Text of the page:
I predict that the innovation of the year will go, not to a tech product, but to Google's creation of a new company: Alphabet. The search and information giant that disrupts so many other companies on and off the Internet essentially disrupts itself. By doing so—divesting the core, established business from future research and inventions—cofounders Larry Page and Sergey Brin unshackle weights dragging growth.
To recap: Page announced the dramatic change after the market closed yesterday. Google becomes secondary to Alphabet, which will hold a collection of related entities. Page hands over Google chief executive reigns to Sundar Pichai, while becoming CEO of the new entity. Brin is president. Can we call him letterhead instead of figurehead?
Alphabet's creation shows why Google, and not Apple, is the most innovative tech company on the planet and foreshadows how this will continue to be for the foreseeable future. At the same time, Page and Brin have lobbed a big wrench into the European Union's antitrust machine by effectively doing to Google what Microsoft should have done 15 years ago: Voluntarily break up of the company. There will be other benefits from Alphabet, but my day-later analysis focuses on two that fundamentally alter the new and established companies' futures.
The most-disruptive companies have nothing to lose. When building a customer base, they can take risks that established entities dare not for fear of upsetting existing revenue streams. This is exactly how Microsoft upset IBM during the mainframe-to-Windows-PC transition and early DOS application developers like Lotus or WordPerfect. When you have no customers to lose, and only those to gain, you have tremendous tactical flexibility, such as selling for less, or even loss, to gain marketshare.
Likewise, Google, as the Internet's emissary, tore into Microsoft's core business by offering products like Apps and Gmail for less, and often for free, against Office, Outlook, Exchange, and related software. But as search share increases, and advertising-related revenue dependance stays unshaken, the cloud company is more status quo than startup and subject to the same dynamics as its forebears. Success stifles innovation, for fear of taking risks essential to remaining relevant.
Page is right: "We’ve long believed that over time companies tend to get comfortable doing the same thing, just making incremental changes. But in the technology industry, where revolutionary ideas drive the next big growth areas, you need to be a bit uncomfortable to stay relevant". Status quo equals stagnation.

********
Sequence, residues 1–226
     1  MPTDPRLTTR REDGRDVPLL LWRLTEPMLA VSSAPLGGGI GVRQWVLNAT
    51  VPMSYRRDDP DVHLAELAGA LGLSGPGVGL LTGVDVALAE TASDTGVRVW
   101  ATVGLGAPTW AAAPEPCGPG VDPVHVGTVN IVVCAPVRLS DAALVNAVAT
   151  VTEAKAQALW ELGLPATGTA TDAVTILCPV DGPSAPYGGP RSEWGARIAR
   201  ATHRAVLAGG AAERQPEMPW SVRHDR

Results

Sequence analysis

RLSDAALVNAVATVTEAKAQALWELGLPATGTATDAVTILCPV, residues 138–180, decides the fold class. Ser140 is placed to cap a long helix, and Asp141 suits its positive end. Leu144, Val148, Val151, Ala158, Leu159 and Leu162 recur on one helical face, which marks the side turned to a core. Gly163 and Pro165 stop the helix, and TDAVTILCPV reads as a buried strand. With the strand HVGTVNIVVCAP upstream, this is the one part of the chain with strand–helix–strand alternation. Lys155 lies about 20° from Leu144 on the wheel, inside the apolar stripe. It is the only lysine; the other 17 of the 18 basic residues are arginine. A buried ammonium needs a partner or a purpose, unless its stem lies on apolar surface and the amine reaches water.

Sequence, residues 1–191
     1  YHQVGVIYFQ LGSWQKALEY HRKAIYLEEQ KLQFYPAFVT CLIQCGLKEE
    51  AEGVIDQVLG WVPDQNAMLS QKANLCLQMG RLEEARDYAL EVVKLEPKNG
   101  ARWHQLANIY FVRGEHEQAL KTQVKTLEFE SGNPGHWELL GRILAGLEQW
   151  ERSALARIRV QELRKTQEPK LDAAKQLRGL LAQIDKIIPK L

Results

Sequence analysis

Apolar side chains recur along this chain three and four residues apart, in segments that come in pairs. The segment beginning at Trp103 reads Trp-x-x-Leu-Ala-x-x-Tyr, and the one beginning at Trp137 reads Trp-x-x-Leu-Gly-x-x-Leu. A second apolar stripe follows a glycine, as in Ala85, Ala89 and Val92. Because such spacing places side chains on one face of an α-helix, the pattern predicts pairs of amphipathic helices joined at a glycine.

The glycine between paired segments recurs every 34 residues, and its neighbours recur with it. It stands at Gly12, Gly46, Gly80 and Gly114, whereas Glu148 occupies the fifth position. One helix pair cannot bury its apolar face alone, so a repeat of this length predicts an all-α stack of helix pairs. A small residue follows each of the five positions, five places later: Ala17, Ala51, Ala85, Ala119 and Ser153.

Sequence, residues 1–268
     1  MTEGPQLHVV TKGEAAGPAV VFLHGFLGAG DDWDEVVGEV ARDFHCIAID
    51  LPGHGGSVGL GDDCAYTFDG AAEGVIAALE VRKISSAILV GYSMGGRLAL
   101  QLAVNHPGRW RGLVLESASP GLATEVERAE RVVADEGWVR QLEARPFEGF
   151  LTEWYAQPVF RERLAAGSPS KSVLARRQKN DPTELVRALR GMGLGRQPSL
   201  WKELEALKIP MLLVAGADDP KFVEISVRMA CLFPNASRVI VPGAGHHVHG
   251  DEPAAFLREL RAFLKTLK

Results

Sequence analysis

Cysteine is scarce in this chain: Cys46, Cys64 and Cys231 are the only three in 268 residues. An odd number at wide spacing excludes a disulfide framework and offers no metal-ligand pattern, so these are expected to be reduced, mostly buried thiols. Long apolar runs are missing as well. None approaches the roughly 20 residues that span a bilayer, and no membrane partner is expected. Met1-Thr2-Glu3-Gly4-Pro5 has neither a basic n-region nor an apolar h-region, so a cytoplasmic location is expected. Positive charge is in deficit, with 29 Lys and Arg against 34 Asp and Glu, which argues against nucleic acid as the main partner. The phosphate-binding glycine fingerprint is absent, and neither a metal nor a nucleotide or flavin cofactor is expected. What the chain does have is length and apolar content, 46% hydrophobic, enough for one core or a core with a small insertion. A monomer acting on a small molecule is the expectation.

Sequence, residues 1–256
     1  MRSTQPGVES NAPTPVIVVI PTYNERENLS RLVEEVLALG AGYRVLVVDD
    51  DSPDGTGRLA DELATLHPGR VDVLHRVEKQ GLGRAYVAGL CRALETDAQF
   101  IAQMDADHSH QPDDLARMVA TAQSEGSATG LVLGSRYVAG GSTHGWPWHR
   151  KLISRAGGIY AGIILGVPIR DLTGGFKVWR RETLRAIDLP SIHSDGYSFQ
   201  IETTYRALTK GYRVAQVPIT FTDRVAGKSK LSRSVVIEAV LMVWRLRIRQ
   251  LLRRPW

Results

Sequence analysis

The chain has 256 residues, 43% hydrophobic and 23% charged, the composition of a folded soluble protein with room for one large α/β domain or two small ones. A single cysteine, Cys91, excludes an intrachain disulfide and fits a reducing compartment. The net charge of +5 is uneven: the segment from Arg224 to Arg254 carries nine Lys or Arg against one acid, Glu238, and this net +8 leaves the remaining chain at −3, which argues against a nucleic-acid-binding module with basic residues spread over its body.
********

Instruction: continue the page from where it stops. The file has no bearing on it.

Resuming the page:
By making Google a subsidiary that competes with others under Alphabet, Page and Brin can re-infuse startup mentality that birthed one of the most successful disruptive companies ever. Employees can compete to open new areas of research and product development and for prestige—to be part of a pioneer-promising startup. Managers gain opportunity for advancement, as Alphabet creates vacuum within the corporate structure to fill with new subsidiaries and CEOs in the mold of Pichai to lead them.
"Alphabet is about businesses prospering through strong leaders and independence", Page says. "In general, our model is to have a strong CEO who runs each business, with Sergey and me in service to them as needed. Fundamentally, we believe this allows us more management scale, as we can run things independently that aren’t very related".
The Alphabet strategy is the most brilliant application of David Thinking I have seen in more than two decades reporting about the tech sector. I first explained the concept six years ago in analysis "Why Apple succeeds, and always will". The "always will" no longer applies as the company has become in this decade status quo. I developed the David Thinking concept from fascinating research conducted by Ivan Arreguín-Toft, who is an assistant professor of international relations at Boston University.
In 2005 book, How the Weak Win Wars: A Theory of Asymmetric Tactics, Arreguín-Toft explains that seemingly weaker opponents can prevail against stronger ones by changing the rules of engagement. (So that you don’t have to purchase the book, review paper “How the Weak Win Wars: A Theory of Asymmetric Conflict” as an alternative.)